" FLAW " in the summicron 35 F/2 asph ???

Discussion in 'Leica and Rangefinders' started by kamol_., Nov 2, 2003.

  1. I own new 35 F/2 asph(current) and I search from old topic and found somebody prefer 35 F/2 pre-asph more than 35 F/2 asph What is the flow or weakness in the summicron 35 f/2 asph BOKEH or Very High Contrast...........etc. with your experience, Please critique the 35 F/2 asph if The 35 f/2 pre-asph is better, I will buy it from second hand Shop Thank You, and pardon for poor english............ :)
    006PTA-15135384.jpg
     
  2. The only flaw in the 35 f/2 ASPH is that it's heavier than the previous versions, and a little larger.

    IMHO it has 'bokeh' as good or better than the previous version at f/2.

    It has slightly higher contrast than the previous version.

    I own the previous version. I would not upgrade to the ASPH f/2 since it is heavier and only slightly sharper/contrastier, and I also have a f/1.4 ASPH for f/1.4-f/2 work when needed.

    But if you already have the f/2 ASPH, the only reason to change is if you want a slightly smaller lens that is 40% lighter - 160g vs. 250g.
     
  3. I've had both and kept the pre-Asph. The difference in weight and size is noticeable, performance isn't.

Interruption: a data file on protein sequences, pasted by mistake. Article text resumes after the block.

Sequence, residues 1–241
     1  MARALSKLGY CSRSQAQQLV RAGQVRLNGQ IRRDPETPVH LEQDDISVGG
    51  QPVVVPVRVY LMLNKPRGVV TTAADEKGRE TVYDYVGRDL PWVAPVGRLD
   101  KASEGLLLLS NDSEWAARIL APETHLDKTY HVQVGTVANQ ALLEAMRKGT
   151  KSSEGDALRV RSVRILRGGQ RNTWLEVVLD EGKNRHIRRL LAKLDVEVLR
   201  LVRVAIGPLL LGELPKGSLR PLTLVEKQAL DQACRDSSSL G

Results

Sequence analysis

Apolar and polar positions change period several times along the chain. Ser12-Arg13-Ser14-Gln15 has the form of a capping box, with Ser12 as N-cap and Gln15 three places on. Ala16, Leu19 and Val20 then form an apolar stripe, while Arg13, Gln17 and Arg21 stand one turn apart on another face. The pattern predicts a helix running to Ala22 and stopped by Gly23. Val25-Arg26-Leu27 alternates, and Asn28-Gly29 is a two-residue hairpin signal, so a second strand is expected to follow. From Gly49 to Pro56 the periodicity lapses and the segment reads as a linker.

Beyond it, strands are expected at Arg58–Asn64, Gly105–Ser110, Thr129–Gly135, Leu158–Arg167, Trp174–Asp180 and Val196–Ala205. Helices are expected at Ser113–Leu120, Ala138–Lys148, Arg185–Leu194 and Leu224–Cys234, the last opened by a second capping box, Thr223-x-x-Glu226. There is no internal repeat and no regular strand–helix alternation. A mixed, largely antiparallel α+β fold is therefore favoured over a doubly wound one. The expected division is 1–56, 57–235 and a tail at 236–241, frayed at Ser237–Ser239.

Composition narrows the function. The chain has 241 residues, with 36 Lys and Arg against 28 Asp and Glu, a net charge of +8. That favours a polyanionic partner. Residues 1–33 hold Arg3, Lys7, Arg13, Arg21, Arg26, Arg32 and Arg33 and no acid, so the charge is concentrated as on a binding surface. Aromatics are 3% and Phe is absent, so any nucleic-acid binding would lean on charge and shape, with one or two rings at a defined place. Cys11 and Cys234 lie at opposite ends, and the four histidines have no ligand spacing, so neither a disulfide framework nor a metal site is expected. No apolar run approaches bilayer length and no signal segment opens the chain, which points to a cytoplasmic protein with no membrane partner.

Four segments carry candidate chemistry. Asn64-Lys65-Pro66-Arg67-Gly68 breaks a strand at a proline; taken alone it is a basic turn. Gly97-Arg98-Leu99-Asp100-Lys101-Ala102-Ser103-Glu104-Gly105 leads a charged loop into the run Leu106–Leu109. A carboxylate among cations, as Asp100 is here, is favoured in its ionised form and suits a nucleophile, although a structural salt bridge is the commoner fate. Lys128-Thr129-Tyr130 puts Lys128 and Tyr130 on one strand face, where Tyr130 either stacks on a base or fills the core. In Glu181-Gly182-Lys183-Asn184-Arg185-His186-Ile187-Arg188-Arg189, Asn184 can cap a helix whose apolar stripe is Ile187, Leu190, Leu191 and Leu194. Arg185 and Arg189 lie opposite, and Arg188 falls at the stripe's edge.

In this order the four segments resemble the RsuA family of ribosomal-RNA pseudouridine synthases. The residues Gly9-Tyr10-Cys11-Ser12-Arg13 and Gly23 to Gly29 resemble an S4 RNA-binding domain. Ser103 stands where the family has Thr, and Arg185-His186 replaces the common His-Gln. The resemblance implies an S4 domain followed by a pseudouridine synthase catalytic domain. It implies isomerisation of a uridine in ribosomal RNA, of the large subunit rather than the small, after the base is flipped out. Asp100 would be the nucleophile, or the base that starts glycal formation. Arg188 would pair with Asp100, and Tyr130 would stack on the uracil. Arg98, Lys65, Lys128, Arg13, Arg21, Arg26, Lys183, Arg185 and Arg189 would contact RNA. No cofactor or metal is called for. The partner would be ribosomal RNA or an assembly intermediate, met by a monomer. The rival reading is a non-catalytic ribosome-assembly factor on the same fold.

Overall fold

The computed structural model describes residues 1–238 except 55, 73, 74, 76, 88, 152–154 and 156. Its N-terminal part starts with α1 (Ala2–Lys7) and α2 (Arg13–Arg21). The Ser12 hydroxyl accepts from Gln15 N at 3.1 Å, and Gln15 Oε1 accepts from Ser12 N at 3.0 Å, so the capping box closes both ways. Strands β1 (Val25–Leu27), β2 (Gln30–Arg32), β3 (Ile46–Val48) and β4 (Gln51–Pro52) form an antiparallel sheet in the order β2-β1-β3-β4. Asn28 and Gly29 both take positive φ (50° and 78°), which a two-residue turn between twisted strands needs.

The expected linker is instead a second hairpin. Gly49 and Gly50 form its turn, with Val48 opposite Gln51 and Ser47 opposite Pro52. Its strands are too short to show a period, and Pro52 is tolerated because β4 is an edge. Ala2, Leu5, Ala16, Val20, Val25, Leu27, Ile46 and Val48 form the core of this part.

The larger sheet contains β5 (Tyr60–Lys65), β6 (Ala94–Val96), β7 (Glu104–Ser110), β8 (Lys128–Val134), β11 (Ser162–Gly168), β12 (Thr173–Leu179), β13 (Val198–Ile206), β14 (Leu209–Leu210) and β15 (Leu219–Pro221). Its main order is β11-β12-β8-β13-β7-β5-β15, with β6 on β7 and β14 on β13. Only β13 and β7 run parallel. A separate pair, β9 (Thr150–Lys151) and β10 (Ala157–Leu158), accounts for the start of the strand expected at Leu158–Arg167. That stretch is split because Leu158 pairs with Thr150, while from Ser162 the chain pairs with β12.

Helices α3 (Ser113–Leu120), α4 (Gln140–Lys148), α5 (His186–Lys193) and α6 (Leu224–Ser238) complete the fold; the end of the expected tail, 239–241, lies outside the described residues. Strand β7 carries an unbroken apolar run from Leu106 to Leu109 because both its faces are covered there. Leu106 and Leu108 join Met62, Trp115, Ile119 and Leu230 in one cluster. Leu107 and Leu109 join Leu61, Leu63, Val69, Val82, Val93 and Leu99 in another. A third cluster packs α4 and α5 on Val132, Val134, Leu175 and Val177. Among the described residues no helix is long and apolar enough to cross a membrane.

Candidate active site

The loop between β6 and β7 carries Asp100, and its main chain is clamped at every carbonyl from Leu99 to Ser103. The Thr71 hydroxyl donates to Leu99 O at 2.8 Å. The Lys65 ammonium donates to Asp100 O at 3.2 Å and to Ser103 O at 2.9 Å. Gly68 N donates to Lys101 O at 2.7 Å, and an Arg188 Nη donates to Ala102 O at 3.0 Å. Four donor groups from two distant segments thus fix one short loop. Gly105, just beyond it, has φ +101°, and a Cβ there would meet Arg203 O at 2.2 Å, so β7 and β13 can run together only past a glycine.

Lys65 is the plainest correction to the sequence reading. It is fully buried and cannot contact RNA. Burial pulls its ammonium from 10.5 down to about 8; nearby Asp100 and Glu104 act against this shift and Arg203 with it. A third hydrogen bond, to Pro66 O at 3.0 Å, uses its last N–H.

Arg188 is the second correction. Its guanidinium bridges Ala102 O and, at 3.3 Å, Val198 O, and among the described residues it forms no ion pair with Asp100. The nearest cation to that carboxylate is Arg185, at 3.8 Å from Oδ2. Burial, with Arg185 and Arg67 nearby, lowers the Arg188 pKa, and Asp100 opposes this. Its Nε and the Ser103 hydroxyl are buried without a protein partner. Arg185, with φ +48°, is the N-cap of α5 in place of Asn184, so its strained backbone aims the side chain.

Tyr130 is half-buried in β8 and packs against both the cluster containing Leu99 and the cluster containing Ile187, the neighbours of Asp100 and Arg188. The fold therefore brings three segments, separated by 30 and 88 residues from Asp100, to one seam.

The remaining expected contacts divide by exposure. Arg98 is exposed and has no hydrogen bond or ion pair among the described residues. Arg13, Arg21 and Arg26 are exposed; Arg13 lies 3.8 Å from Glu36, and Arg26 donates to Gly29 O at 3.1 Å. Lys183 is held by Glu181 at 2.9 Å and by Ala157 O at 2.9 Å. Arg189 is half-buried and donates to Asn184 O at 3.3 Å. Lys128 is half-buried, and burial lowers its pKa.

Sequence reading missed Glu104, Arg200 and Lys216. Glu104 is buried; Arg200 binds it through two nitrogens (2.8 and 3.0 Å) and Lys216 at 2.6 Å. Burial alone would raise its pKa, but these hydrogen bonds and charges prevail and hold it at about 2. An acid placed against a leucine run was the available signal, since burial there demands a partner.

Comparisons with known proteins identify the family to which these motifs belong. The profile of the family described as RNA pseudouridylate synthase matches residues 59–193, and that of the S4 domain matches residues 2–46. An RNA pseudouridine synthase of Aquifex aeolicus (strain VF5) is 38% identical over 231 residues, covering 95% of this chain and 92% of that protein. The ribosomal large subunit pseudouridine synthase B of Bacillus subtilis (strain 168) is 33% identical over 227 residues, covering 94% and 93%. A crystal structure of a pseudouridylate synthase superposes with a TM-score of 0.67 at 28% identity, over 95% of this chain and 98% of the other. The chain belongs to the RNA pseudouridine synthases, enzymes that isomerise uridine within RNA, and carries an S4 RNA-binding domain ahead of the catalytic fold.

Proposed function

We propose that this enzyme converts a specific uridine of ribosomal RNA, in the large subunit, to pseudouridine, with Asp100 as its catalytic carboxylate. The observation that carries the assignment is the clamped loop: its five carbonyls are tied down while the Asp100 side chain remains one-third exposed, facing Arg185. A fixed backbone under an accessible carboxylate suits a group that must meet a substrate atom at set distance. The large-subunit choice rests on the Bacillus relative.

4. It's a flawless lens Kamol. Use it well.
     
  5. No flaws Kamol.
    However, these 2 lens have totally different signatures. Some prefer the old and some the new. It really depends on the individual.
     
  6. It would not make much sense (unless you are overflowing with spare money) to go buy a different lens based on someone else's feeling about it. Are you not enjoying the quality of the lens you have now? If it is not giving you what you want, that is one thing, but if it is, keep it and use it.
    I have the last generation Summicron (pre-aspheric), and when the new lens came out, I was able to shoot some comparisons against my lens. For my use, the older lens was perfectly fine. If I had never had a Leica 35mm lens, I might very well had just gone with the current Summicron, and once I did, I would not second guess that choice. The old "grass is greener" thing can keep you forever experimenting versus shooting.
    But since you asked... this is a shot made with the pre-aspheric Summicron and an crop from the middle. It is as I said a fine lens for general photography.
    [​IMG]
    006PWX-15136684.JPG
     
  7. Sorry, I posted the wrong image for the crop. Here it is.
    006PWZ-15136784.JPG
     
  8. The summicron 35 F/2 has allways beem one of the best over all
    lens in Leica land . I switced from a 1970's vesion 3 I think , to
    the current asph and noticed a small improvement in sharpness
    mostly in the corners .

    A friend did real world test between version 3 , 4 ,and the curent
    asph and basicly how I would decribe the differances as so
    small incrimental optical improvements over the last 30 years
    but not so different as to cause any real need to switch up back
    ect. .

    Also take into acount that a 30 year old summicron 35 F/2 is
    much better overall then a nikon 35mm lens or any current
    nikon zoom set at 35mm.

    The 35mm Summicron as a rule just rocks....